Prince Charles: ‘We must take care of our environment’
This week, HRH the Prince of Wales revealed how the prospect of being a grandfather has sharpened his anxieties about Nature. Here, he argues that it would profit us all to show it more respect.
One of the gravest misconceptions of the modern age, and one which has concerned me for more years than I care to remember, is the presumption that Nature can be taken for granted and her needs ignored. There are some who seem to think that only when times are good should we afford the cost of nurturing the natural environment. There are plenty more, I am afraid, who see the process of protecting natural systems as the sort of cost that should be avoided altogether, simply because it actively interferes with development, job creation and economic growth.
This prevailing attitude could not be further from the truth. Nature is, in fact, the source and very basis of our welfare and economic prosperity. For me, this is so self-evident as to seem ridiculous even to say it. But as countries struggle to meet the enormous economic challenges they face, the biggest one of all remains largely hidden from view.
The services and countless benefits to the human economy that come from Nature have an estimated value every year of around double the global Gross Domestic Product, and yet this colossal contribution to human well-being is hardly ever mentioned when countries consider how to create future growth. As I have long been trying to point out, this situation cannot remain the case for very much longer. We are reaching a critical turning point when humankind has to realise that people and the human economy are both embedded within Nature’s systems and benevolence.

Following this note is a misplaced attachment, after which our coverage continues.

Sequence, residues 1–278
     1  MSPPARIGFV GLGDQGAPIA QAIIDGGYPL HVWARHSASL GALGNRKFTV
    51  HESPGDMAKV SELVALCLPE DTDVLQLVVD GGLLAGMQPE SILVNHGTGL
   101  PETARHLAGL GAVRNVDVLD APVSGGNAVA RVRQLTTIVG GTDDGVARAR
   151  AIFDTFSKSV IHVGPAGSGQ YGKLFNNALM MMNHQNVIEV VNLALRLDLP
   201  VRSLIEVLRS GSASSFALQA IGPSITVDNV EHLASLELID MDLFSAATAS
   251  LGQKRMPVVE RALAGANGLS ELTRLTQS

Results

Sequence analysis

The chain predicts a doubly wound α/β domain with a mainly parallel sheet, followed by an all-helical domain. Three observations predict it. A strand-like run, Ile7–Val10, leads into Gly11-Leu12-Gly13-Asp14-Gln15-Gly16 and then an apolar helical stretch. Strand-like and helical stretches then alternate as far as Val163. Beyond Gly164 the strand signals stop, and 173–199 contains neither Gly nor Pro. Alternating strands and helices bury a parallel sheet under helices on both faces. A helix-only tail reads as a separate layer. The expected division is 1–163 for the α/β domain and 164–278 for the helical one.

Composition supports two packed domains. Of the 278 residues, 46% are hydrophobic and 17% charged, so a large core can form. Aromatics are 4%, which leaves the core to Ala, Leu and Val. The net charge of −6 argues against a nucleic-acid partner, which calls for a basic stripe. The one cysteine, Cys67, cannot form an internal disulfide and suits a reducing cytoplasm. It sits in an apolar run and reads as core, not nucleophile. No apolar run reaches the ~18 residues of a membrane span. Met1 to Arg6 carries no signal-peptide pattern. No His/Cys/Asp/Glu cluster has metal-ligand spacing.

To some extent, this awareness is slowly starting to gain ground in the mainstream of our collective thinking. In part, this is the result of recent scientific studies and discoveries which are being translated into many inspiring examples of practical action. Our dependence on Nature is also slowly being reflected more confidently in those economic policies which enable people to achieve a better balance between keeping Nature’s systems intact and creating economic development that results in more jobs.
But if we are to deepen this commitment to Nature’s needs, it is paramount that we adopt a different mindset; one that veers away from the focus that has dominated the past half-century or so. Essentially, we have to become far more joined-up in our thinking and behaviour.
Source: The Telegraph
It is an ‘act of suicide’ to ignore green issues
A message of the prince of Wales: It is an “act of suicide on a grand scale” to flout nature’s limits and ignore environment issues, the Prince of Wales has said, as he warns we could condemn future generations to an “unbearably toxic and unstable existence.
The Prince of Wales warned the current generation is “heading to the terrifying point of no return” when it comes to green issues, with humanity and the Earth soon to suffer some “very grim consequences”.
Saying he had been vindicated by science after being labelled a “crank” for his views years ago, he warned the human race was “pushing nature beyond her limits”.
“If we go on as we are the impact of these scarcities and declines on human societies worldwide will be of such a scale I can hardly bring myself to imagine it,” he said.
The Prince of Wales, speaking via a video as he accepted a Lifetime Achievement award from the 7th International Green Awards gala ceremony, said he was “more than flattered” to be recognised.
Source: The Telegraph